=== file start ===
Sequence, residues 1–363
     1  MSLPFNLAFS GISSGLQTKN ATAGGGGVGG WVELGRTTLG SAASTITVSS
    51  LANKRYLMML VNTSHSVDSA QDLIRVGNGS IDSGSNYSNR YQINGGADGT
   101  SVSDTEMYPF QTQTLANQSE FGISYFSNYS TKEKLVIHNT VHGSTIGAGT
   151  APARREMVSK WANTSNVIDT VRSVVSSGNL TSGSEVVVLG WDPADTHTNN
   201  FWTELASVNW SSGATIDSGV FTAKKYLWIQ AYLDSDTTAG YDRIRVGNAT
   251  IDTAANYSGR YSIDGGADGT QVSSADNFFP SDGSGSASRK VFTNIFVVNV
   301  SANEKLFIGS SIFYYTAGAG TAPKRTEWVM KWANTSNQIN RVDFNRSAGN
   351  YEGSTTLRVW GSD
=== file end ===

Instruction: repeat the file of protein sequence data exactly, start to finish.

Sequence, residues 1–363
     1  MSLPFNLAFS GISSGLQTKN ATAGGGGVGG WVELGRTTLG SAASTITVSS
    51  LANKRYLMML VNTSHSVDSA QDLIRVGNGS IDSGSNYSNR YQINGGADGT
   101  SVSDTEMYPF QTQTLANQSE FGISYFSNYS TKEKLVIHNT VHGSTIGAGT
   151  APARREMVSK WANTSNVIDT VRSVVSSGNL TSGSEVVVLG WDPADTHTNN
   201  FWTELASVNW SSGATIDSGV FTAKKYLWIQ AYLDSDTTAG YDRIRVGNAT
   251  IDTAANYSGR YSIDGGADGT QVSSADNFFP SDGSGSASRK VFTNIFVVNV
   301  SANEKLFIGS SIFYYTAGAG TAPKRTEWVM KWANTSNQIN RVDFNRSAGN
   351  YEGSTTLRVW GSD